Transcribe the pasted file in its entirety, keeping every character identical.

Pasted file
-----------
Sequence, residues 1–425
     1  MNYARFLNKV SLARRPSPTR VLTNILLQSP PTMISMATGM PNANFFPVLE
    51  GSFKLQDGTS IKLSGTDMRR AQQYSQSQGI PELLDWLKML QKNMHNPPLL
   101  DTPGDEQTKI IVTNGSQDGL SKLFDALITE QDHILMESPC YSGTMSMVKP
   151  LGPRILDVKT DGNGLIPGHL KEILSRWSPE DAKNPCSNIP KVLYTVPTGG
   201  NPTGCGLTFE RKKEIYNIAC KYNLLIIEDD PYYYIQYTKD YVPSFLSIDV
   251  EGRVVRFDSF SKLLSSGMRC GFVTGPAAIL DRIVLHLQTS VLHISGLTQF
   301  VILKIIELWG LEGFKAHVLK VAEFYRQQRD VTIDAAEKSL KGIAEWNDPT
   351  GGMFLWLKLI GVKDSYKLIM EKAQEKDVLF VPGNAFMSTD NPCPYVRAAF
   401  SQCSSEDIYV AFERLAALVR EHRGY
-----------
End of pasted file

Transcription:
Sequence, residues 1–425
     1  MNYARFLNKV SLARRPSPTR VLTNILLQSP PTMISMATGM PNANFFPVLE
    51  GSFKLQDGTS IKLSGTDMRR AQQYSQSQGI PELLDWLKML QKNMHNPPLL
   101  DTPGDEQTKI IVTNGSQDGL SKLFDALITE QDHILMESPC YSGTMSMVKP
   151  LGPRILDVKT DGNGLIPGHL KEILSRWSPE DAKNPCSNIP KVLYTVPTGG
   201  NPTGCGLTFE RKKEIYNIAC KYNLLIIEDD PYYYIQYTKD YVPSFLSIDV
   251  EGRVVRFDSF SKLLSSGMRC GFVTGPAAIL DRIVLHLQTS VLHISGLTQF
   301  VILKIIELWG LEGFKAHVLK VAEFYRQQRD VTIDAAEKSL KGIAEWNDPT
   351  GGMFLWLKLI GVKDSYKLIM EKAQEKDVLF VPGNAFMSTD NPCPYVRAAF
   401  SQCSSEDIYV AFERLAALVR EHRGY